Sandy Alderson was interviewed by Mark Feinsand of MLB.com in a two-part interview. In the first part of the interview, he discussed the 2017 Mets among other things. In the second part of the interview, he talked in-depth about his beginnings in baseball.
Alderson’s first baseball job was as a general counsel for the Oakland Athletics in 1981. He was actually an associate attorney at a San Francisco law firm and ended up getting that job because Roy Eisenhardt (one of the partners he worked closely with) and his family bought the team from Charlie Finley.
Back in the early 80′s, having a full-time general counsel was quite new. Therefore the position didn’t come with a large workload. Alderson’s workload changed after manager Billy Martin was fired. Martin not only performed managerial duties, but also acted like a general manager.
“We hired a new manager, but there was kind of a void there,” Alderson said to MLB.com in regards to baseball operations. “I was given that responsibility without any experience or real knowledge of the game or of the position. It kind of grew from there.”
Taking on this new role was not too overwhelming for Alderson as he had help from Eisenhardt. He also feels his past experience with the United States Marine Corps as well as his former law job were helpful in successfully taking on this new challenge.
“I was a lawyer for five years, and I had been in the Marine Corps, so probably my Marine experience was as informative as anything,” Alderson told MLB.com. He went on to say it gave him, “basic leadership principles, organization, discipline”.
Alderson was apart of one of the most successful runs in Oakland Athletics history from 1988-1990 as the team made three straight World Series appearances and won it all in 1989. Besides the A’s even better 1972-1974 run, this was easily the best stretch since moving to Oakland. Times have changed since then and Alderson mentions how signing the wrong player back then equated to losing a few hundred thousand dollars while mistakes nowadays can lead to losing a few million dollars.
“Players make it, players don’t, players perform, players don’t,” Alderson said to MLB.com. “The outcome is not always within your control. What we try to do is focus on the day-to-day process and hope that we’re increasing the chances of success by being systematic and organized and process-oriented.”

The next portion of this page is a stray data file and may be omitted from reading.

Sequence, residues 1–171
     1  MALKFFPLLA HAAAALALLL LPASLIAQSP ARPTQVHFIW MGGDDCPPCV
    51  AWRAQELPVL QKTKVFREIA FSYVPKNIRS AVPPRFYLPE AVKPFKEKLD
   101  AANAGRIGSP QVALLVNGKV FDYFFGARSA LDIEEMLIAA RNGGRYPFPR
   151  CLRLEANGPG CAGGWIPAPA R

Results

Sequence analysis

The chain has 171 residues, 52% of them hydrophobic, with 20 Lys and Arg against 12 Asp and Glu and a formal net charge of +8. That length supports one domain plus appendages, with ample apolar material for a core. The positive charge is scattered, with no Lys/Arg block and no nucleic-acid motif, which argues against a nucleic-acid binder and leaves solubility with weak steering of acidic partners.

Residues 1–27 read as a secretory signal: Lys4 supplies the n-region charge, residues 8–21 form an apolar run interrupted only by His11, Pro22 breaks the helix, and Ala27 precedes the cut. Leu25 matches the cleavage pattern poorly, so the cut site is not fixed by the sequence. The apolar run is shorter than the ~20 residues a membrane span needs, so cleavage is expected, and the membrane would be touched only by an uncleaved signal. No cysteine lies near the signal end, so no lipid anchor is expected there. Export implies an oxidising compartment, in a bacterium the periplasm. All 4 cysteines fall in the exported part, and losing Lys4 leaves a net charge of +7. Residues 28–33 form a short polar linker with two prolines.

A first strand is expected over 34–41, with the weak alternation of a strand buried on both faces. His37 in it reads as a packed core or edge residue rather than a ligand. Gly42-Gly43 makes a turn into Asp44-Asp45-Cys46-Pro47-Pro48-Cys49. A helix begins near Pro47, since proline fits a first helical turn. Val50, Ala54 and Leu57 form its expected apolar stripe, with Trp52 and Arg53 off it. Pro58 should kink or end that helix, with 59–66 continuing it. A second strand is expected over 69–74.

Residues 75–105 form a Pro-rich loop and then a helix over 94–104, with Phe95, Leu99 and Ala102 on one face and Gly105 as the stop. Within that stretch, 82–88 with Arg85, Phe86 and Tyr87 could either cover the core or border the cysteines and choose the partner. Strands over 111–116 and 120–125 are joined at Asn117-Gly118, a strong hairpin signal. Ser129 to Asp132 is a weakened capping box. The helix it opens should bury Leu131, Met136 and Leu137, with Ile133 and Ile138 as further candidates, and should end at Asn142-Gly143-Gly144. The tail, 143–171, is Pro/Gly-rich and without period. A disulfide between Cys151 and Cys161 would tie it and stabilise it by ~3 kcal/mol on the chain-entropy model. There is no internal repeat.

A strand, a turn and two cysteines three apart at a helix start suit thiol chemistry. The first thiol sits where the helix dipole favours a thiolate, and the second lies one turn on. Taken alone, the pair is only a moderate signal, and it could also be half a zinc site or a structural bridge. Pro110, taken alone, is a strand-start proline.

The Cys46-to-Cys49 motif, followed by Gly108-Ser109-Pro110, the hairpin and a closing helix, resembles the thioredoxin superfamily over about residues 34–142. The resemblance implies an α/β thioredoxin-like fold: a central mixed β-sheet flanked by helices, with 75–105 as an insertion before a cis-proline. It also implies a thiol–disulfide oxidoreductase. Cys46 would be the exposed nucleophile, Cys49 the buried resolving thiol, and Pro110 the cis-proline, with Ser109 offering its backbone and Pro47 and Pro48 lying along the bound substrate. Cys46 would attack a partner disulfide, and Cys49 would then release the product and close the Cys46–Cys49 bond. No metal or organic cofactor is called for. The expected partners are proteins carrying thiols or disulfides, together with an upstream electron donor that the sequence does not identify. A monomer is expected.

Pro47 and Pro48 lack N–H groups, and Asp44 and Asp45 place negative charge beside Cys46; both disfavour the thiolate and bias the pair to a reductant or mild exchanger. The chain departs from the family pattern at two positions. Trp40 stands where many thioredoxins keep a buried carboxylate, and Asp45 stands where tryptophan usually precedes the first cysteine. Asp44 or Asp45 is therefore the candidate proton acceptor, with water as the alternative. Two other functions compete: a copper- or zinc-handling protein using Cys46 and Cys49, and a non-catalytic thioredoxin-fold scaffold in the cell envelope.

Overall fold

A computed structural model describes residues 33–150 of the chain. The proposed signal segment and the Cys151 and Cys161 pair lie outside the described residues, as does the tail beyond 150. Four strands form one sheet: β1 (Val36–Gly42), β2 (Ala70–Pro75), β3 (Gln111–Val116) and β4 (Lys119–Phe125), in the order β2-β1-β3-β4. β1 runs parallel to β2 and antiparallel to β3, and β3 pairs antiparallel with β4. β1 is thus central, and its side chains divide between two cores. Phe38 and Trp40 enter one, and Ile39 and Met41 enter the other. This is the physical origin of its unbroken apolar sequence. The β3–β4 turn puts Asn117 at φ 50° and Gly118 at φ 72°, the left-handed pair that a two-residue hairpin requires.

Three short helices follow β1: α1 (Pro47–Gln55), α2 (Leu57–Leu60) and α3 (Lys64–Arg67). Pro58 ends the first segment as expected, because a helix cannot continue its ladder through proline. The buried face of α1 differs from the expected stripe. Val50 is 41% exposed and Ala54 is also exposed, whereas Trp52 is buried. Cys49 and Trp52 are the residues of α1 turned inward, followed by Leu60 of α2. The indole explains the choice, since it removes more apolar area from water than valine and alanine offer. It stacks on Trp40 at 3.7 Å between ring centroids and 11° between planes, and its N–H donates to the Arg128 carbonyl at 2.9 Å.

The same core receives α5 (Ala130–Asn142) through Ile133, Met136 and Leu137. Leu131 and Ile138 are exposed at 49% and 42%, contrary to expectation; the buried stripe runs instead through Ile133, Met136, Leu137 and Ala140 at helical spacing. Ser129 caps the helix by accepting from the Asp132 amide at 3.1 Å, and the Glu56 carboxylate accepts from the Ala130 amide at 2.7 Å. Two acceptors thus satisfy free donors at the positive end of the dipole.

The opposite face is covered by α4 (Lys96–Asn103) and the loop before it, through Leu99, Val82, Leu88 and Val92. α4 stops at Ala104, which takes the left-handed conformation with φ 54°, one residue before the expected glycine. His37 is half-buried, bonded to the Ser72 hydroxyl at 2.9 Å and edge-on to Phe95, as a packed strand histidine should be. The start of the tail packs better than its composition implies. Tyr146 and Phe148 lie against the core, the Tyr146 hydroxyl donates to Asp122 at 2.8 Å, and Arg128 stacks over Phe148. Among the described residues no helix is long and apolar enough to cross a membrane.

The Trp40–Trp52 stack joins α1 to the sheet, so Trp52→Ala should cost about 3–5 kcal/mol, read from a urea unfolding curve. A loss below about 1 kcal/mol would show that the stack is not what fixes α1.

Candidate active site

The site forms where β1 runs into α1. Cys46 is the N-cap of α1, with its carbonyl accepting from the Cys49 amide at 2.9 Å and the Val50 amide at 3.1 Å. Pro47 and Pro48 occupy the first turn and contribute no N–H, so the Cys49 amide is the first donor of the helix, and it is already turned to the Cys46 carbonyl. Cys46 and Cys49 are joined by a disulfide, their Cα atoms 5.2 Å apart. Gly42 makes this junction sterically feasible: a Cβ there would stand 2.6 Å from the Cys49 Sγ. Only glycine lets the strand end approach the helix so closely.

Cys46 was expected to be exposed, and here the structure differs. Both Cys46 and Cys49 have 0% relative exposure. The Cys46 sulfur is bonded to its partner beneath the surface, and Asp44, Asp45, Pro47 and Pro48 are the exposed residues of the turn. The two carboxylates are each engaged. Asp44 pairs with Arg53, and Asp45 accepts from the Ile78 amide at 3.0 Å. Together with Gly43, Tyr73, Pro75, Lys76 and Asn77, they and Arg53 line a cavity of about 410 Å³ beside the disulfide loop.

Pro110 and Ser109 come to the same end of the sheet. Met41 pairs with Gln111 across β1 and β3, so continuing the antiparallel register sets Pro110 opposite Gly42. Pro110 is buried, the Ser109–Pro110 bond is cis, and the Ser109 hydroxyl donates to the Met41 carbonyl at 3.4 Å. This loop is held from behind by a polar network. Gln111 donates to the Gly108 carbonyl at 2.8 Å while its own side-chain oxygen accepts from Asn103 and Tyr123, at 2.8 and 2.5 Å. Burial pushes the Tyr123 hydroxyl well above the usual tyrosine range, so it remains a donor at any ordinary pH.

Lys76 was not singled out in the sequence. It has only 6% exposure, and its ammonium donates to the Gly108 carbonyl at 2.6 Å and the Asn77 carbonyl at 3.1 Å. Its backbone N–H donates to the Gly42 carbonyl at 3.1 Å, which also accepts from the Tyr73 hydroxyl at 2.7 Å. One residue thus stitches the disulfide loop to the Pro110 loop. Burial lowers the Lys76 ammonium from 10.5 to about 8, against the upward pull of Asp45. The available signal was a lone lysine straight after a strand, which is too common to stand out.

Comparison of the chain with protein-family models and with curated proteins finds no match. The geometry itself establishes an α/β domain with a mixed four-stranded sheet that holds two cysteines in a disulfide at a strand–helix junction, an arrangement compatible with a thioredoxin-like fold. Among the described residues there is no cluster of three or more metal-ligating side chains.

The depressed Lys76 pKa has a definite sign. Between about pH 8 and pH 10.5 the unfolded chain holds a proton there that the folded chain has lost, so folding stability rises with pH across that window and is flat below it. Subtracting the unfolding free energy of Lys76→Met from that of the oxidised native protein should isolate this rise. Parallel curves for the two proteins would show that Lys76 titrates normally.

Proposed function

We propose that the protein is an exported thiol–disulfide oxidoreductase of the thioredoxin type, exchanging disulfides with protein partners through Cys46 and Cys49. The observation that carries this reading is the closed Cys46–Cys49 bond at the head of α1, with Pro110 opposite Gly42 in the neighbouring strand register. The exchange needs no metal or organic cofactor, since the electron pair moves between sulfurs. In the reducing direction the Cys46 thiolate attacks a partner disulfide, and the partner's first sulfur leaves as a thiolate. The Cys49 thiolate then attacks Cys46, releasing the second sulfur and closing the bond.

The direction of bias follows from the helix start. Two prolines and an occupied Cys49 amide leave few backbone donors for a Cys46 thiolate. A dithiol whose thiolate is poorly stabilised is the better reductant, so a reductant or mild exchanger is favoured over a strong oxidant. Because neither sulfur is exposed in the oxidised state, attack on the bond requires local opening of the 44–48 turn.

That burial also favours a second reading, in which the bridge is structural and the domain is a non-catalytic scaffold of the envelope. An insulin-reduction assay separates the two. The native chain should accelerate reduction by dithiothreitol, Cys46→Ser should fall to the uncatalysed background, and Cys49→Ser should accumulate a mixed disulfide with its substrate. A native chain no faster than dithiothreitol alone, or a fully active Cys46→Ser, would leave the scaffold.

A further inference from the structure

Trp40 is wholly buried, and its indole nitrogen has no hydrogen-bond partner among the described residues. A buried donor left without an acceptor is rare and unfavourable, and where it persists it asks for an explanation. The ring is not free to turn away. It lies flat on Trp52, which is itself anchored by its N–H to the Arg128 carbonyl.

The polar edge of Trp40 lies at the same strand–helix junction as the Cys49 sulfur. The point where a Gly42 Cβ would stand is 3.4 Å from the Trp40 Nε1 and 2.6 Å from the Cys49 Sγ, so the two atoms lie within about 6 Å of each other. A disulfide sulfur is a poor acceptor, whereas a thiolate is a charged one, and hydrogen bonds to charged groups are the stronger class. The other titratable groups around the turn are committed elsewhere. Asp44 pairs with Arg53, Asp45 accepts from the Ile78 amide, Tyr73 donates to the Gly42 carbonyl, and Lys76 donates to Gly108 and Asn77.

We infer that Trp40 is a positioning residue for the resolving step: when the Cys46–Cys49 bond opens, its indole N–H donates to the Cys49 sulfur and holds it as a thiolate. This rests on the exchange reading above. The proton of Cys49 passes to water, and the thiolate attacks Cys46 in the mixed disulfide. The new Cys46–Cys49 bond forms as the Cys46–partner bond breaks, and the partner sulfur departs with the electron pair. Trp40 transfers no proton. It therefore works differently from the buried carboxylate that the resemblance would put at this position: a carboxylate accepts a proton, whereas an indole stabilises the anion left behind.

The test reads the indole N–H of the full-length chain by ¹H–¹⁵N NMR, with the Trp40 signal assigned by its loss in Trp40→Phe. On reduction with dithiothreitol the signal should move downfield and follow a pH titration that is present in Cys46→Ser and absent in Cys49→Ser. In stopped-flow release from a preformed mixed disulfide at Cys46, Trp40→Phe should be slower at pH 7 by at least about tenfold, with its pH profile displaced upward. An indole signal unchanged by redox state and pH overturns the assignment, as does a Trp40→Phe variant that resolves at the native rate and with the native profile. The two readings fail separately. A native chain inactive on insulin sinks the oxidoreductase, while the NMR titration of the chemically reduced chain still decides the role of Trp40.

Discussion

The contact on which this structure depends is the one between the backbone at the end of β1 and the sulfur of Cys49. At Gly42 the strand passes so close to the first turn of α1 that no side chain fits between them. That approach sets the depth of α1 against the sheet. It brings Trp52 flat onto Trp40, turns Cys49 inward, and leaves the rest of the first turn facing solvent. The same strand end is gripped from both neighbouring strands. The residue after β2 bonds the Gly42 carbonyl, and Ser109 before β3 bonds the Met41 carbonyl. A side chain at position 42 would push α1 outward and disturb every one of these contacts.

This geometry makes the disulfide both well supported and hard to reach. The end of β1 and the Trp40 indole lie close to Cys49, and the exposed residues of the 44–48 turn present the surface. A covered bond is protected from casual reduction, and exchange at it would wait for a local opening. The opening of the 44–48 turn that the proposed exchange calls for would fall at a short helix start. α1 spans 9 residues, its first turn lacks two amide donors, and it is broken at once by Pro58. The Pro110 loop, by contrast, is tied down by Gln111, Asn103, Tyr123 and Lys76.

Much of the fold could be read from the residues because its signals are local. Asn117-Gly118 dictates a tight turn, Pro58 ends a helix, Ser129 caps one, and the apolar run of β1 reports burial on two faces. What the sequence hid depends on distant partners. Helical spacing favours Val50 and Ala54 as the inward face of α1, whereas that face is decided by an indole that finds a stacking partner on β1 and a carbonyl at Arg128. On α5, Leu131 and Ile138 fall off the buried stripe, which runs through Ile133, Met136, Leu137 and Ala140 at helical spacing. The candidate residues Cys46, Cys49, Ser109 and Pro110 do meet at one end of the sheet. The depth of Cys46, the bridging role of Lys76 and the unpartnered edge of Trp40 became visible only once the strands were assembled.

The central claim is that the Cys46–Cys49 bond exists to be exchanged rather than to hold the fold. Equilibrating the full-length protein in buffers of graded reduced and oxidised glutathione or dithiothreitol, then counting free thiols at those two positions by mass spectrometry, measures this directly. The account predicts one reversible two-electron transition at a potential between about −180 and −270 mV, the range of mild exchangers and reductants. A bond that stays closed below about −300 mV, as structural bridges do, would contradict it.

That explains the conservative approach Alderson has taken while signing players. When Alderson signed Curtis Granderson to a four-year, $60 million contract at the end of 2013, it was the biggest free agent signing in his tenure with the Mets. The largest before that was Frank Francisco who was signed to a two-year, $12 million deal in 2011.
Of course part of the reasoning was that the Mets were still rebuilding and recovering from the Bernie Madoff ponzi scheme. Still, Alderson has never been the type of general manager who just signs players for the heck of it. If he gives out a big contract to a player like Yoenis Cespedes, it’s because he is confident that he is worth it.
From Alderson’s time with the A’s and later the San Diego Padres, he learned valuable lessons and tried to put them into use in New York.
“The fan base in New York is large, knowledgeable and demanding in some ways — but surprisingly patient in our case for the first few years that I was here,” Alderson said to MLB.com.
New York is not the easiest place to work in regards to baseball jobs. Alderson has recently shown success, but fans have let him hear it along the way. Since 2011 he has created one of the best rotations in baseball and revamped the Mets farm system.
The teams he has put together have made back-to-back playoff appearances and won the 2015 National League pennant. The team is not done yet. That World Series trophy is the ultimate goal and the Mets hope to take the next step in 2017.